A Near Collision Sparks A Recommitment to Write
Yesterday I missed a head on collision by a couple of seconds. A car was driving in the wrong lane down a two-lane road. I was coming around a corner—not speeding—but still going 55 miles per hour. The car veered off to a road that was about a 130-degree angle from the passenger side of my car at just the right moment, instants before it would have hit me head on
Needless to say, if I would have been coming around that curve a couple moments later, I don’t think I’d be writing this blog post right now.
Wow, God! Thank you for sparing my life! I had absolutely nothing to do with that timing. I could not have slammed on the breaks fast enough to get out of the way.
When you have experiences like this, it makes you question everything.
Why did God spare me?
What else does He want me to do with my life?
In addition to seeking God for direction to make the most out of my time, treasuring those I love and asking for forgiveness from those who I have hurt, my next thought was about writing.
I have felt far more motivated than I did before this incident to get messages out of my head and into a format where others might benefit from what I have learned.
It made me wonder why I haven’t published more sooner. The answer is simple, but difficult to overcome—it’s fear. I am often paralyzed by the thought that my writing isn’t good enough. Good enough for what or for whom? The cyber typo Nazis?
Then, my mindset shifted. Who cares what “some” might think? My writing is good enough and important enough to publish.
Because all of us are unique. None of us processes information in exactly the same way. No one on the planet has ever been—or ever will be—created to have the exact same thoughts as I do. Isn’t that mind-boggling? And, because the way our minds synthesize information is unique, we have no idea who we will influence—or why our words will matter.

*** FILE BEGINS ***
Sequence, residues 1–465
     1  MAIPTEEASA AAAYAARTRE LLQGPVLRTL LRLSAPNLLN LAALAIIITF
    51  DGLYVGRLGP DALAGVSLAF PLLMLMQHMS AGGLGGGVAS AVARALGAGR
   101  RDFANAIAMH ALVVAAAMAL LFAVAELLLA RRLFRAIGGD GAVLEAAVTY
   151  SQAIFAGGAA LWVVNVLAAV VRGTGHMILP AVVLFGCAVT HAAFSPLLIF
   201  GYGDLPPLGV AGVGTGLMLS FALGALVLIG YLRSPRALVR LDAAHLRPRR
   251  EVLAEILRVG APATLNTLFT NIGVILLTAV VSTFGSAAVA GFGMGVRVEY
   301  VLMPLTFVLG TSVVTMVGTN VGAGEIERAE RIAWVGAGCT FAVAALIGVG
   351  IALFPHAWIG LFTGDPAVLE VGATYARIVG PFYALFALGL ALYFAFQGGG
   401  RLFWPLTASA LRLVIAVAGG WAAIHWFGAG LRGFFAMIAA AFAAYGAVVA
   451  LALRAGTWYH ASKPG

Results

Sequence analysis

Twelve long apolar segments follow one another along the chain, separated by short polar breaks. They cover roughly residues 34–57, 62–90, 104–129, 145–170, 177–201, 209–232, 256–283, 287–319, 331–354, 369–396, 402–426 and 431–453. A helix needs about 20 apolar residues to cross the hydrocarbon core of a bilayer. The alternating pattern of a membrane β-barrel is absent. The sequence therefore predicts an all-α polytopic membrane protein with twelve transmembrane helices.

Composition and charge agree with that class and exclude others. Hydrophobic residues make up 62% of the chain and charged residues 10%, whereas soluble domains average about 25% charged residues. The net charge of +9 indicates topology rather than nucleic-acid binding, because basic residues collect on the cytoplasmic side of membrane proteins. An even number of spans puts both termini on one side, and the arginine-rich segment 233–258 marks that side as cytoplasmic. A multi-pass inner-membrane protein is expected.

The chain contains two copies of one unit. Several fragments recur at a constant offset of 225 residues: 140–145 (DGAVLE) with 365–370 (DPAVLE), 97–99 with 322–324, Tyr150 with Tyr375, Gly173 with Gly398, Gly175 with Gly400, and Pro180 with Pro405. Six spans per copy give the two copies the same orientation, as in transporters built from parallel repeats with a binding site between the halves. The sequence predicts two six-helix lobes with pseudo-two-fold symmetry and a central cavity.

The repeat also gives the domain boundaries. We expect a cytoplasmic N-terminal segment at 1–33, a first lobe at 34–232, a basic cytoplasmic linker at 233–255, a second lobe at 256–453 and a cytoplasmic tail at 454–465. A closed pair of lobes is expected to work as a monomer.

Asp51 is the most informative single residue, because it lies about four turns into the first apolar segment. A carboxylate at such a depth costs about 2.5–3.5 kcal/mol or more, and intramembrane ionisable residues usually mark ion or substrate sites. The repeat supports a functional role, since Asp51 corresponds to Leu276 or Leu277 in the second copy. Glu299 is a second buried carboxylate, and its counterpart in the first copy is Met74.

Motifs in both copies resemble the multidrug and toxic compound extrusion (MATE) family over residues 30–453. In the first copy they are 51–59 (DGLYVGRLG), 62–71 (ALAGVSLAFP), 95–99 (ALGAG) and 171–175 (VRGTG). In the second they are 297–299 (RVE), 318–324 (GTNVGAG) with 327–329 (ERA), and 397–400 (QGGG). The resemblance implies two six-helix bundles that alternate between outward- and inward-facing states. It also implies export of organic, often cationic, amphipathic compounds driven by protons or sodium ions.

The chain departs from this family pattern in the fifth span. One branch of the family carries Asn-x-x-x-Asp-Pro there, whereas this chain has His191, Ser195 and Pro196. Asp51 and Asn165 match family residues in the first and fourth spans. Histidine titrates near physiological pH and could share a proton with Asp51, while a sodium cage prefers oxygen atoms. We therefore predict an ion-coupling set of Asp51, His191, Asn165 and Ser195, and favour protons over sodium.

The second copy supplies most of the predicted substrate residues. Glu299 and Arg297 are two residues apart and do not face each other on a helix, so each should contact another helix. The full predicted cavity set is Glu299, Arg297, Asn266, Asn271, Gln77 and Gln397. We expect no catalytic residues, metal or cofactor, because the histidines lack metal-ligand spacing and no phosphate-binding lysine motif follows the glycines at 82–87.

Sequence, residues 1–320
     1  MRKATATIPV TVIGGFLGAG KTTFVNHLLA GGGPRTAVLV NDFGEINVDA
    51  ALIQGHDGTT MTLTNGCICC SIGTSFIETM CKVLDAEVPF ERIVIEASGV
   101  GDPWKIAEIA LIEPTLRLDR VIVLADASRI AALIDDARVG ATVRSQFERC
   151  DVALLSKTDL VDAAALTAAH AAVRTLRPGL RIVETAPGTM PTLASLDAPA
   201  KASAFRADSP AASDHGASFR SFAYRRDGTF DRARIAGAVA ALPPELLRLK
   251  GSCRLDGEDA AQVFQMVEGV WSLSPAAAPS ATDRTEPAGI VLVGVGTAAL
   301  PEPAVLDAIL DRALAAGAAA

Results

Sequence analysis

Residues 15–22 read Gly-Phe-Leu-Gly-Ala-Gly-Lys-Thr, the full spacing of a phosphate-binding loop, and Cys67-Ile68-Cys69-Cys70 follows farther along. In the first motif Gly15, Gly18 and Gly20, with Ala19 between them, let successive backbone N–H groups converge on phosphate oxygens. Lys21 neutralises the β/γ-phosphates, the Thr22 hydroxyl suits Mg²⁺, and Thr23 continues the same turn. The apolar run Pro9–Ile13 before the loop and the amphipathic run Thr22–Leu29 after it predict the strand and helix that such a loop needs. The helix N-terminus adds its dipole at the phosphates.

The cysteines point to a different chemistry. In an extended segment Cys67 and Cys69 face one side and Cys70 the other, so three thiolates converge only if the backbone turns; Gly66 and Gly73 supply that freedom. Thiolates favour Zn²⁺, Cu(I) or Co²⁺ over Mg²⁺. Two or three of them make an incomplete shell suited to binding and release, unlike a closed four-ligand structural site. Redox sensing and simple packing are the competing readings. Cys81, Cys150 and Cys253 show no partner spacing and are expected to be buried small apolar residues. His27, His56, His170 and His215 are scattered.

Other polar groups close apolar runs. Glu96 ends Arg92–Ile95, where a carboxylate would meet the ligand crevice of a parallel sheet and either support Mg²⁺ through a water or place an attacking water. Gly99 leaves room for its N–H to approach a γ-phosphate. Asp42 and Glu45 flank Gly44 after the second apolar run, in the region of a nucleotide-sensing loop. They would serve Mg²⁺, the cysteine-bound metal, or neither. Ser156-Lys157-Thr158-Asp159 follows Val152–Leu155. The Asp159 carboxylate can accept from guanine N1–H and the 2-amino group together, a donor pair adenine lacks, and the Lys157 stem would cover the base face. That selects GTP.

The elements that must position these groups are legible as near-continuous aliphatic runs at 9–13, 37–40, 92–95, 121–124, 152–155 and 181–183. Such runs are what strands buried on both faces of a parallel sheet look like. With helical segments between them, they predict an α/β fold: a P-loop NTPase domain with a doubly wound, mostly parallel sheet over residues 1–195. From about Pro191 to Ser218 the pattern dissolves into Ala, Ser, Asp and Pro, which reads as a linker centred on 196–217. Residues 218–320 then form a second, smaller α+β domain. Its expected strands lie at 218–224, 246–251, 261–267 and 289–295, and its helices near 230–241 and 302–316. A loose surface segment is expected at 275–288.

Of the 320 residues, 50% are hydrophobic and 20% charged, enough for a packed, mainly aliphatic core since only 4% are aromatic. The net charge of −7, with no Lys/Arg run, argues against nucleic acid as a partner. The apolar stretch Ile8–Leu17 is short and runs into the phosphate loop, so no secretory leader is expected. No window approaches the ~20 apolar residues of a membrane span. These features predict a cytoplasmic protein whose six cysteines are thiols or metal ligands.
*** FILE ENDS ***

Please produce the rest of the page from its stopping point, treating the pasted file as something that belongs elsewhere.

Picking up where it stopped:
Someone who I may never meet may need to read these words tomorrow, but I may never know why they needed to read them.
No matter how simple the message is—if an idea is burning in your heart, there is a purpose for that thought.
So don’t let the fear of not being good enough or the uncertainty of where your words might land stop you from writing—those reasons have stopped me way too often.
I’m learning that I need to check my inhibitions at the door—or they may prevent me from fully fulfilling my God-given purpose before He takes me home.
I still don’t know why that car was driving on the wrong side of the road, but I do know that it lit a fire in my innermost parts to use every moment for purposes beyond myself—even when I don’t understand them.
And, as I’ve said before, words outlast us—especially when they are from the heart—so let’s get ours out.
If you want help to get your message out of your gut and onto the page, but you don’t know where to start, please contact me. I’d love to help.